First, I learned the basic open chords: A, Am, C, D, Dm, E, Em and G. They make a lot of songs available. I messed around with them for a few weeks. I learned them from a book we happened to have at home, but you can find them just as easily on the internet.

Then I played songs with those chords for a few weeks. I would get frustrated, because after a while it seemed like every song I wanted to play would have a barré chord in them, so I learned barré chords. People seem to make a lot of fuss about barré chords, but I never found them very hard to learn., exept for the A-shaped ones which are a pain in the ass.

Since I could now play every chord I wanted, I messed around with chord charts to songs I liked for another few weeks. Then I got bored with just playing chords because after a while it all sounds the same, so I moved on to riffs. I practiced (sp?) my alternate picking and hammer-ons/pull offs (just by doing alternate picking and hammer-ons/pull offs for 15 minutes a day), and they soon improved a lot. I started playing solo's and it made me really awesome. No lie.

Then I got interested in improvising, so I started to learn scales etc.

What I want to say with this is, start with playing chords and after that just play whatever the hell you want. If you want to improve your technique, go check out some technique lessons and practice. If you want to learn theory, go check out some theory lessons. If you want to play metal, go play metal. If you just want to play a pentatonic scale up and down for the entire day, go do so.

Also, some links that really helped me:

A great thread for if you ever wonder what song to play next.
Similar thread but for solos.
A guitar lesson (part one) (part two) by John Frusciante of RHCP. You can skip the first ~4,5 minutes, where he's just playing Under The Bridge, but it's too fast to follow. After that he starts talking about different styles of guitar playing, about layers in music and about how solos work. It really inspired me, and got me into improvising and into using my thumb.
Justin Guitar, the famous internet guitar teacher. He's awesome.
And of course:
Ultimate Guitar, the Lesson Page. There's a lesson on everything you can think of, and more. They're not all perfect, but an imperfect lesson is better than no lesson.

I would also really recommend downloading Guitar Pro software. I can't link to it, because it would be considered advertising, but you can easily torrent it, and if you really can't find it I could send you a rapidshare link over PM.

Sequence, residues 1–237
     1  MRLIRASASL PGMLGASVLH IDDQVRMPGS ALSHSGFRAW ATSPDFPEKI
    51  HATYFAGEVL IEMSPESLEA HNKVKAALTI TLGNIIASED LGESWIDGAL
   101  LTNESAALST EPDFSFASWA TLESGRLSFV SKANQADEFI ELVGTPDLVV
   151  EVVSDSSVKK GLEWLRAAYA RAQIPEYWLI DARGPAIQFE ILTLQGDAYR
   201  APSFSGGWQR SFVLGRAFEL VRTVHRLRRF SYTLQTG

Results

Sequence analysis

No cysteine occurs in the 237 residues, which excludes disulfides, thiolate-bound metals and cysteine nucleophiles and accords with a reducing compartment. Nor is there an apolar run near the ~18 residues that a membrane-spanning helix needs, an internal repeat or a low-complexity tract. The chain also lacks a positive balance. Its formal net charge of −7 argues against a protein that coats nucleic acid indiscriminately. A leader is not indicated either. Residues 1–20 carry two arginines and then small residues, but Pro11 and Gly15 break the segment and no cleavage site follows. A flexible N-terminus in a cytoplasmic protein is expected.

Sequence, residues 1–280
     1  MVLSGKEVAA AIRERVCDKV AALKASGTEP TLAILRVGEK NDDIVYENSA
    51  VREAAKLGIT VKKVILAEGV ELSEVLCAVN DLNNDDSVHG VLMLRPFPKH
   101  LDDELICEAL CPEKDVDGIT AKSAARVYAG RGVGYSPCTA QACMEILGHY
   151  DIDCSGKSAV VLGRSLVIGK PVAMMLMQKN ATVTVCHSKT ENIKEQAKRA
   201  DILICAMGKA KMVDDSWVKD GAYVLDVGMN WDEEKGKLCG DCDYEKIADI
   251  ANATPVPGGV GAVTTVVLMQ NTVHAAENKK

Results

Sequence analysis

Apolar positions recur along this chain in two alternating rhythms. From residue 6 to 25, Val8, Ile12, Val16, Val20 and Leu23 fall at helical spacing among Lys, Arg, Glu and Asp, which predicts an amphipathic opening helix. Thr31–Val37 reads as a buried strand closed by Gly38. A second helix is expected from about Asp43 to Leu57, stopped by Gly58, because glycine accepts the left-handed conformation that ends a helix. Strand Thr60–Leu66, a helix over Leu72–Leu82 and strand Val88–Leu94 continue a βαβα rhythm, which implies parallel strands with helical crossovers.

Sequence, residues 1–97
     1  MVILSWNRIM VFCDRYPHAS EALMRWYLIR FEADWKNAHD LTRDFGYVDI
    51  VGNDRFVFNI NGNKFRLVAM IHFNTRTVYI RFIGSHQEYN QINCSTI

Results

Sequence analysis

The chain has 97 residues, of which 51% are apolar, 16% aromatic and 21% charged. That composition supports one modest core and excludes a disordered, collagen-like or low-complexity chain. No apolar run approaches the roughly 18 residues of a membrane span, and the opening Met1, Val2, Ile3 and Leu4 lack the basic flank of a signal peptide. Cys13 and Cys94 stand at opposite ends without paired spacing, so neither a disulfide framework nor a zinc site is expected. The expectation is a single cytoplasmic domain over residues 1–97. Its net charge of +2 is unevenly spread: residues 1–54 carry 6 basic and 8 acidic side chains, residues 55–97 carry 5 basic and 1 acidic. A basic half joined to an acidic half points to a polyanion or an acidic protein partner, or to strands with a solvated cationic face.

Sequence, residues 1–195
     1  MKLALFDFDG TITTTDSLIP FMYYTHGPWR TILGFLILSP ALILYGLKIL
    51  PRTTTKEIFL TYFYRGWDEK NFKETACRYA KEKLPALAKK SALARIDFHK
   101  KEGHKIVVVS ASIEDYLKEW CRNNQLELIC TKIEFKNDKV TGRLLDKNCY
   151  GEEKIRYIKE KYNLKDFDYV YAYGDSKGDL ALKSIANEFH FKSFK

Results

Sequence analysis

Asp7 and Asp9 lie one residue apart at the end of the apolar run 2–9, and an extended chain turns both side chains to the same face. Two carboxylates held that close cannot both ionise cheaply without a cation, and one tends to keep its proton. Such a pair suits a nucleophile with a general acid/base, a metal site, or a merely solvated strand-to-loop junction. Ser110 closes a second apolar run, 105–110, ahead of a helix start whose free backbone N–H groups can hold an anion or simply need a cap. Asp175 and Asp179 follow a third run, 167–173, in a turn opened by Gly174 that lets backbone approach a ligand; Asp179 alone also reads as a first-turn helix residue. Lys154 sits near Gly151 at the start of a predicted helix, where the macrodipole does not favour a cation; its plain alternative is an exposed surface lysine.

Good luck.
Thomas hopes to not have offended anyone with this post. No responsibility whatsoever is taken for any spelling or grammar mistakes, should there be any.

last.fm
#38
Quote by Carnae839
i'm a noob and don't know much, so i may be completely wrong
but i believe chords are parts of scales played at once
so if you understand scales you understand chords

I think.

and you practice stuff seems good, but don't forget songs. all drill can get tiring and you stop having fun, so be sure to learn a new song or something


A chord( normally) is a 3 notes consisting of a root, and 3rd and 5th.
#39
I've been playing for just under 4 months. I don't know any ****ing scales, I just know what sounds good. I believe scales are a complete waste of time and energy. I know only the basic A-G chords, and I can still embarass ppl that have been playing for years. My advice is to learn as many songs as possible. I can't read sheet music (obviously) I just use tabs. Learn a lot of solos, and songs with different beats to them. I know how to play over 250 songs all the way through with hardly any mistakes. Also I don't use a ****ing metranome, u pussies. Lmmfgdmfao!
#40
Quote by forsakenpromise
I've been playing for just under 4 months. I don't know any ****ing scales, I just know what sounds good. I believe scales are a complete waste of time and energy. I know only the basic A-G chords, and I can still embarass ppl that have been playing for years. My advice is to learn as many songs as possible. I can't read sheet music (obviously) I just use tabs. Learn a lot of solos, and songs with different beats to them. I know how to play over 250 songs all the way through with hardly any mistakes. Also I don't use a ****ing metranome, u pussies. Lmmfgdmfao!


Someone forgot to take their ritalin today...

And although scales are boring, they (probably) help in the long run.